Epistemic Mirrors

I’m sorry, but we can’t love eternal, evergreen Truth and “like” Salon. Or Fox News, HuffPo, NYT or NPR etc. Best to see oneself as an observer of such fare and not a consumer of it.

In fact, we can’t love Truth and trust ANY people who sell information– often cloaked as entertainment– purely for profit.(NPR hosts do it for love, sure, but they have to keep the BMW payments current.)

Playing with the Truth is the devil’s only real power; he can’t create a single thing. I don’t think he turns away from such an effective and long-proven weapon against the human soul. I think he makes it fun! with lists! and memes of outrageous! tragic! righteous! heroic! exclusive! and mostly, a/musing.

We naturally tend to heap our “likes” on the cultural information that reinforces our self-image– especially if it makes us feel morally fit. If we’re honest, it’s more real-time comforting to us than God’s divine assurances of our loveliness and acceptance in Christ’s atonement, because that was so five minutes ago.

Every “like,” “share,” and “comment”; every click of the mouse, is reinforcing to ourselves who we are. Every selfie is our attempt to convey who we are, and if we are honest, we know we are “selling it” to our best advantage. And we think folks who get paid to do such things are above “selling it” to us for their best advantage? Do you know who they are when they’re not selling ideas to you? Do you care?

Look, we don’t have movies because we want a calm and contented world-view, we want escape. And we have made-up “reality” shows because we want to experience otherness… CHANGE. We positively ache for newness every morning but we substitute it with mere news: who died, who offended, who sang, who is our new champion of the moment? It’s in our DNA. It’s a powerful and attractive force.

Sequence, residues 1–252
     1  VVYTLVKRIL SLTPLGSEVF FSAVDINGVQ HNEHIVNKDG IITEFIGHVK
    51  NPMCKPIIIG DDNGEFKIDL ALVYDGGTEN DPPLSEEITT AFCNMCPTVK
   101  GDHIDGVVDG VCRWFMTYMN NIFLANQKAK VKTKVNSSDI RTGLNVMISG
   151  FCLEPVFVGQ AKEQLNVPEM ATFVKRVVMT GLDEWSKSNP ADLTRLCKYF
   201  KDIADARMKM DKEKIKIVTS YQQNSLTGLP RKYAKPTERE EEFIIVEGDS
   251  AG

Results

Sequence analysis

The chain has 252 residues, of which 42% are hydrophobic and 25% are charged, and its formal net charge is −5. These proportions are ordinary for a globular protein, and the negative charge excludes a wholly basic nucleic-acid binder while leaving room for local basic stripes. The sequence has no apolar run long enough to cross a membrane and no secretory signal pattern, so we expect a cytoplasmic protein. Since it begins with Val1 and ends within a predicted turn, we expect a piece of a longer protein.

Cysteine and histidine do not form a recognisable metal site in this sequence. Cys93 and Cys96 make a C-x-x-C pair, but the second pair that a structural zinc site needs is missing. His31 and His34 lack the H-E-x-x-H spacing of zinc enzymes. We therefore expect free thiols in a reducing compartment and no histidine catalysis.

But we don’t seek the newness of God’s mercy. Nor the joy of His Truth, or the beauty of His creation– a force that wants to awaken us to CREATE instead of CONSUME. God’s in the creation business and your spirit, if you’re a Christian, is hungry for it. The enemy is in the distortion business and your human soul is satisfied with the empty calories of it. You’re soaking in it even now, in this stew-pot of likes and shares and selfies.

The layers of editors, salespeople, CEOs, managers, accountants and crony politicians behind everything we consume in the big publications, newscasts, and commercials is more than we can know– so we choose not to. We shut down our brains where we most need to employ them. But it’s our duty, if we love Truth above our cultural preferences and intellectual conceits, to be skeptical of the dietitians of our information consumption.

To be in the world and not of it, we must step away and observe it without consuming it. Let’s make sure we’re not existing in a hall of epistemic mirrors, enthralled to the selfie we find there.

Un-Democratic Parents

Last night a friend was expressing her gratitude for her parents’ non-democratic style of raising their family. They wisely refused to be bullied or blackmailed by their children’s threats of withholding affection. They ignored such tactics and went on with the business of building a future for the little ingrates. They had the long vision and the advantage of years and authority and weren’t afraid to use them. Completely un-democratic upbringing results in adults who are able to enter into the human community with mature expectations of what a representative republic looks like. It looks nothing like “democracy.”

We were having a discussion about fairness and envy. I offered up as how, being the last of eight kids, I often heard my mother chiding us with, “Do you have enough in your own belly? Then why do you care what your brother has?”

This moment of political clarity brought to you by [good] moms everywhere. You’re welcome.

Sunday Gospel: Uncreated Light. . . and camping out.

Matt 17: 1-9
Jesus took Peter, James, and John his brother,
and led them up a high mountain by themselves.